I’ve been mulling this idea over for a while now, ever since I read Virgin: The Untouched History by Hanne Blank when I was preparing for my “What is Virginity?” video (and yes: I plan to get back to the YouTube channel soon. Editing video of yourself while depressed is …. heh). When I emerged from under the mountains of research with the realization that virginity is a myth, I startled wrestling with the theological position it’s inhabited in Christianity for centuries.
While Christianity certainly did not invent the concept, we in Western culture think of virginity in very Christian terms. It has religious, moral, and mystic significance for us. The Holy Mother is enshrined in our tradition as a virgin– and not just of the “young girl” variety. Her sexual purity was encoded as catholic doctrine in the Nicene Creed of 381. We even have fables and legends about unicorns and how only the purest women could capture them.
Today there’s a whole culture in evangelicalism– purity culture— built around the concept. Not only is virginity considered physically real in conservative Christianity, it’s “the most precious gift a woman can give her husband.” We wear rings, we sign contracts and pledge cards, and we dive into the endless wave of books like Lady in Waiting and Why True Love Waits. All the sermons, the books, the podcasts, the blogs, the Sunday school lessons tell us all one very important thing: we must save our virginity for marriage, or unspeakable horrors will descend on us. Divorce. Betrayal. Adultery. Addiction. Disease. Death.
Aside from the fact that virginity doesn’t actually exist and all the different ways that insisting on it harms women, there’s also a theological problem with teaching our young men and women that they need to remain virgins.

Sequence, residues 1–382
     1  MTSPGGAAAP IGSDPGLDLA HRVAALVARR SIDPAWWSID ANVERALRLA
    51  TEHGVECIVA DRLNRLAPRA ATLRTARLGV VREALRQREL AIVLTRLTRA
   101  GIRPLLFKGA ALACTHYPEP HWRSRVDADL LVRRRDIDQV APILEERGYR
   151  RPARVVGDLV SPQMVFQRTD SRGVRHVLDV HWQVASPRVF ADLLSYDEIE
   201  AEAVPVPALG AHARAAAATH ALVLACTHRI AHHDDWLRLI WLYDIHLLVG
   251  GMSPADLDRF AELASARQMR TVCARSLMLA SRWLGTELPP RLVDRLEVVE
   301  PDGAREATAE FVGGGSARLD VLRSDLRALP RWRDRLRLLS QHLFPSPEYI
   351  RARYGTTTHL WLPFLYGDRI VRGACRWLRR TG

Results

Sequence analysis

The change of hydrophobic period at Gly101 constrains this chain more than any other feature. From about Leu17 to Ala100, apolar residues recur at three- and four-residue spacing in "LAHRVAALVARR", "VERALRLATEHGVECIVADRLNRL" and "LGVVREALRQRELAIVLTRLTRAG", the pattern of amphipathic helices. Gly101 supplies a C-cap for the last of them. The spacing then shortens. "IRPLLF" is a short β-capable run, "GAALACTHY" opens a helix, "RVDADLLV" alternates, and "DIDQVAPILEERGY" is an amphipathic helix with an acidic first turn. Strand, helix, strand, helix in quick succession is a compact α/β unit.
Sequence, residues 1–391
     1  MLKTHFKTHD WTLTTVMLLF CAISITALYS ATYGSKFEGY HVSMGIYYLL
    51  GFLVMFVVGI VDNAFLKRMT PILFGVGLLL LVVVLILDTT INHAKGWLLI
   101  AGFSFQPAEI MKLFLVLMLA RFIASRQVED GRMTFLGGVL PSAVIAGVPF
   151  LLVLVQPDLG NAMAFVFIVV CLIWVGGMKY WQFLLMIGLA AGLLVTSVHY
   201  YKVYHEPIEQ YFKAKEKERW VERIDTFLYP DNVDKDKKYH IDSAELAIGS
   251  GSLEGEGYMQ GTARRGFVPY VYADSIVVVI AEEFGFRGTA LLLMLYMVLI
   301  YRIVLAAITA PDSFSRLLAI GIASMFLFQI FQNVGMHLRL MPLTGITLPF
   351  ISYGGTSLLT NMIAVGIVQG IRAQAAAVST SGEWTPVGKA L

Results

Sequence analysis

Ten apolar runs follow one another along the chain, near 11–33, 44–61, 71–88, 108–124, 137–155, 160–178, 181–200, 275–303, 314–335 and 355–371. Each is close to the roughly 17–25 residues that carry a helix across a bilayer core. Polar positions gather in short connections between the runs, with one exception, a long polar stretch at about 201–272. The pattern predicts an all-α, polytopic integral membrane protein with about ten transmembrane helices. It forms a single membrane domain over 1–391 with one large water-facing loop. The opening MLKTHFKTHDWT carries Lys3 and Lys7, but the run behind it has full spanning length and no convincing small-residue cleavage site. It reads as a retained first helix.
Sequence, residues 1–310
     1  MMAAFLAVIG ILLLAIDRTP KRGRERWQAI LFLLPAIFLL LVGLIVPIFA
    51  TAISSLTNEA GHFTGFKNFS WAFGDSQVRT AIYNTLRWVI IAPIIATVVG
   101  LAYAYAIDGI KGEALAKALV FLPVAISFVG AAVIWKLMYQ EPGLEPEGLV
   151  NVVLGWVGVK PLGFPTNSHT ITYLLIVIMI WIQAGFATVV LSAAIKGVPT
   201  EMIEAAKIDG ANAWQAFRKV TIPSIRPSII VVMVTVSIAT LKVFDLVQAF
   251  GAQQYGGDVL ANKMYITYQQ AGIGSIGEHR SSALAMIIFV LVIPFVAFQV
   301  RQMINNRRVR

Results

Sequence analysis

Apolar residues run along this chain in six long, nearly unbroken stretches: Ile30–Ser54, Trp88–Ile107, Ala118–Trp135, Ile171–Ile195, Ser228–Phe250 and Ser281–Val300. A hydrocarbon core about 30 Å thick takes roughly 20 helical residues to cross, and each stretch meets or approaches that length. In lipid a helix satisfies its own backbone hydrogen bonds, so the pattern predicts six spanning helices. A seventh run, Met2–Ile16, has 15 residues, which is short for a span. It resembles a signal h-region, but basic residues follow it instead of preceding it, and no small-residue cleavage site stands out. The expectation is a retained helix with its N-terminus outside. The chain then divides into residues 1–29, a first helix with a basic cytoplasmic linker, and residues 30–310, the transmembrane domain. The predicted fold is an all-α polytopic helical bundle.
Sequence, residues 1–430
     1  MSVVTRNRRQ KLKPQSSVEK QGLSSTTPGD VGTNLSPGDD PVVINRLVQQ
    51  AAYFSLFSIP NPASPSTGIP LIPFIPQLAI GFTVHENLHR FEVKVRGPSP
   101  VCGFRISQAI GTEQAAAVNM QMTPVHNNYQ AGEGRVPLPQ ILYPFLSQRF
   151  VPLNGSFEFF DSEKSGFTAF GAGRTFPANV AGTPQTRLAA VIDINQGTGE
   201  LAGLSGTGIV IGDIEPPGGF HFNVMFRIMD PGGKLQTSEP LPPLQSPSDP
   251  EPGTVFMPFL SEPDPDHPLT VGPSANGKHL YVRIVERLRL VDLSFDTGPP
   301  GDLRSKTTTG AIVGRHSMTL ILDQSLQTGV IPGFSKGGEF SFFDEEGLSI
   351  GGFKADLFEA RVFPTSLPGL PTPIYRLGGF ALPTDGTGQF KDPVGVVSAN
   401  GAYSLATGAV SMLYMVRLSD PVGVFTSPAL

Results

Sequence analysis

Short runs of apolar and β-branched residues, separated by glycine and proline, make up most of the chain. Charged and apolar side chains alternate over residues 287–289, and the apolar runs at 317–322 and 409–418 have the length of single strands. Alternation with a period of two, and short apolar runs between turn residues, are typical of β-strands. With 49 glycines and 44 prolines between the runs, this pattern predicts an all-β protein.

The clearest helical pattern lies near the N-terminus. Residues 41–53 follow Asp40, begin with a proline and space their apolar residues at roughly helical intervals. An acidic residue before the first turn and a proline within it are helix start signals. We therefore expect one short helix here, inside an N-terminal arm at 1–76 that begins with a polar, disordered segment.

As far as I’m aware, most (if not all) Christian traditions, from Protestant to Catholic to Orthodox, have some articulation of sanctification. I’m not sure if we all call it the same thing, so here’s a basic definition that hopefully works across traditions:
Sanctification is God’s work in us.
I’m a universalist, so I think of Martin Luther King Jr. saying “The arc of the moral universe is long, but it bends towards justice.” I believe that God is working through each of us to bring about a more loving planet where “all oppressions shall cease.” If you’re a more traditional Protestant, sanctification begins at the moment you become a Christian and ends when we receive our glorified bodies in heaven.
Virginity doesn’t fit into that anywhere. Teaching about virginity amounts to teaching against sanctification. This is because virginity is a state of existence. One is, or is not, a virgin. End of story. There is no becoming a virgin. There’s no progression from sinfulness to righteousness in virginity. You start out “clean,” and either you make it to marriage or you’re sullied. Lose your virginity, and you’re a ripped-open present, a half-eaten chocolate bar. Virginity is consumable. Disposable. A one-off.
That idea shouldn’t have a place in Christianity. Living as a Christian is a journey toward becoming more Christ-like. We struggle, like Paul, to “die daily.” There will be no moment on earth when we’ve attained moral perfection. We will fail. We will succeed. We will strive. We go to bed and tell ourselves tomorrow by the grace of God I will do better. We do our best to love more, to love generously. We try to be kind, to forgive, to be gracious.
Telling teenagers to “hold on” to their virginity flies in the face of everything else we try to teach them about honoring ourselves and honoring Christ. Nothing else about being a Christian works this way. There is no room in the fruits of the spirit for this notion that one either is or isn’t. We do. We try. We act.
Because virginity– at least, our cultural notion of it– isn’t an action but a state of existence, it shouldn’t hold a moral value for Christians.